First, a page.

Is­rael, by con­trast, has marked the an­niver­sary of its vic­tory with a month of of­fi­cial cel­e­bra­tions, aca­demic con­fer­ences and me­dia cov­er­age, in­clud­ing tributes to Jerusalem and its Jew­ish holy places. Is­raeli lead­ers vow that the city will for­ever re­main their “un­di­vided” cap­i­tal, but Pales­tini­ans in­sist that East Jerusalem will be the cap­i­tal of their fu­ture state.

Daniel Sei­de­mann, an Is­raeli peace ac­tivist and ex­pert on Jerusalem, said Is­raeli talk of a united Jerusalem is be­lied by the dis­ar­ray in places such as Kafr Aqab.

“The fate of th­ese peo­ple was de­cided by an Is­raeli whim in the week or two af­ter the ’67 war, when, com­pletely and to­tally un­pre­pared, we de­cided to an­nex not only East Jerusalem, but its en­vi­rons. That dic­tate de­ter­mines the fate of tens of thou­sands of res­i­dents to this day,” he said.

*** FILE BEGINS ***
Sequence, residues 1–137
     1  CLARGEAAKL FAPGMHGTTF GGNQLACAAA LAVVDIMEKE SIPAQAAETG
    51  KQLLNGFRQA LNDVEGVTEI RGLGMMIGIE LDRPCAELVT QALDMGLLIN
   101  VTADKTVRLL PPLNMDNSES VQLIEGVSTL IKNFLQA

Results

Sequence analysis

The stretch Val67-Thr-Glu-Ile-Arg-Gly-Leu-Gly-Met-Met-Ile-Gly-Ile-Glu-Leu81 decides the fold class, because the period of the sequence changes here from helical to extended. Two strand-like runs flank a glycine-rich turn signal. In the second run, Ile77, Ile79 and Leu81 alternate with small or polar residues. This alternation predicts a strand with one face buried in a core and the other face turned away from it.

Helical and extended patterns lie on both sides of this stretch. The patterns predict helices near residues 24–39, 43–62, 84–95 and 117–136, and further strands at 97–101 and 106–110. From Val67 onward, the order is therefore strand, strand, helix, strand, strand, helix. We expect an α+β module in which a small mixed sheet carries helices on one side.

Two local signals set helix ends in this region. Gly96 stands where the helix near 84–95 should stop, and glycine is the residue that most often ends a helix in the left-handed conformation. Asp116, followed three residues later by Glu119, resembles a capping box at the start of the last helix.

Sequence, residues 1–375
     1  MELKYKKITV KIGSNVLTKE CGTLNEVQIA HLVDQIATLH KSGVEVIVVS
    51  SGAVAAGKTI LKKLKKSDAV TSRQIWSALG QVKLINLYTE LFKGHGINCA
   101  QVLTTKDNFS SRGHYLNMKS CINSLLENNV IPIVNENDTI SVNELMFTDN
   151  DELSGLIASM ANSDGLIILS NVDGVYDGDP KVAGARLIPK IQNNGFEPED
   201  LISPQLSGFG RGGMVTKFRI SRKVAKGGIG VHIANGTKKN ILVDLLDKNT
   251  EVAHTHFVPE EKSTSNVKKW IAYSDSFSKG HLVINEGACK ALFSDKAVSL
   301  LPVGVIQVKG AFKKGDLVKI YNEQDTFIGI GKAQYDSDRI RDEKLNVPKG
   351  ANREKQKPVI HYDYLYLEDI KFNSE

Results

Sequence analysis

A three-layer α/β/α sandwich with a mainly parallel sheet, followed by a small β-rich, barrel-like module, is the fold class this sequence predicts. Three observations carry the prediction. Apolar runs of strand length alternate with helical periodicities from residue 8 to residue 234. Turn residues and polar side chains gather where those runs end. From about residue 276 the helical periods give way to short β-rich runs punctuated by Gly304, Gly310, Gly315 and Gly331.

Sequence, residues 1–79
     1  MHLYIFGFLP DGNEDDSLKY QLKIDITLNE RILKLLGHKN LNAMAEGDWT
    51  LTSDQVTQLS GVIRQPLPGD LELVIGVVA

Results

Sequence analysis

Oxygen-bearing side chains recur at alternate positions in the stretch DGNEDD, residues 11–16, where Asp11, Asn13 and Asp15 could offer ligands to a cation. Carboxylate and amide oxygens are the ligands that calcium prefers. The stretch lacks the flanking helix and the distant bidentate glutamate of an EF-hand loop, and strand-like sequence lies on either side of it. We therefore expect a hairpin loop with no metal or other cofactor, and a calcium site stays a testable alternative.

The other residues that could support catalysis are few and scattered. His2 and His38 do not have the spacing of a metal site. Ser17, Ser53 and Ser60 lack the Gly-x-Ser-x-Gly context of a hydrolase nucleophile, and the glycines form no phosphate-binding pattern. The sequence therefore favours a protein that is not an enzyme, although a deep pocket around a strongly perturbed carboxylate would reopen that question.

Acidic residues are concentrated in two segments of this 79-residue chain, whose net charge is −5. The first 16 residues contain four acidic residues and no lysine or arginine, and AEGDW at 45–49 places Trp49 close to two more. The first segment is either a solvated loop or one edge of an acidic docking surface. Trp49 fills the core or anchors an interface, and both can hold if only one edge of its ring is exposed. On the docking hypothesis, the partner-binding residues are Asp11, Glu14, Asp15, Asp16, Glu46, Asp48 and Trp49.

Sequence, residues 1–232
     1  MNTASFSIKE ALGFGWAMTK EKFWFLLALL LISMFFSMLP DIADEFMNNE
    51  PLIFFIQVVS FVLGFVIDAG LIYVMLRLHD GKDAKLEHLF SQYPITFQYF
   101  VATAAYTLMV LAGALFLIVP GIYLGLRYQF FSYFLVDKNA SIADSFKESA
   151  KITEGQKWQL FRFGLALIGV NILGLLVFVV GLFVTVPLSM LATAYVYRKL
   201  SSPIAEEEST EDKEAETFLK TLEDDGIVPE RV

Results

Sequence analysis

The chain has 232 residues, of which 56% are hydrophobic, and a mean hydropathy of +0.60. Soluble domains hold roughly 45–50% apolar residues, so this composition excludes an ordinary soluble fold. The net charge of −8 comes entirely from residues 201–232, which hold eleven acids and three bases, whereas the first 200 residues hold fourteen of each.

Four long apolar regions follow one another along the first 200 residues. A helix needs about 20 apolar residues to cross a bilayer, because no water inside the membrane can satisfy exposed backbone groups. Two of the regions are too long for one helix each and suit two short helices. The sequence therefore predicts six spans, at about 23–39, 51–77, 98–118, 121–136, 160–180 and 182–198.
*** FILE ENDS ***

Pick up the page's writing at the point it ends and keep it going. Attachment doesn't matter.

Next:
“Kafr Aqab is the quin­tes­sen­tial ex­pres­sion of the hol­low­ness of [the] Is­raeli fic­tion of the un­di­vided city of Jerusalem. We an­nexed them by mis­take. We never re­ally wanted them .... We won’t rec­og­nize the to­tal fail­ure of this fic­tion, so we con­demn th­ese peo­ple to live in limbo.”

A spokes­woman for the Jerusalem mu­nic­i­pal­ity didn’t re­spond to re­quests for com­ment.

The signs of an Is­raeli govern­ment pres­ence are few and far be­tween. Along the Ra­mal­lah-Jerusalem road, a small plac­ard in He­brew with Jerusalem’s Lion of Ju­dah mu­nic­i­pal in­signia marks an Is­raeli-funded school.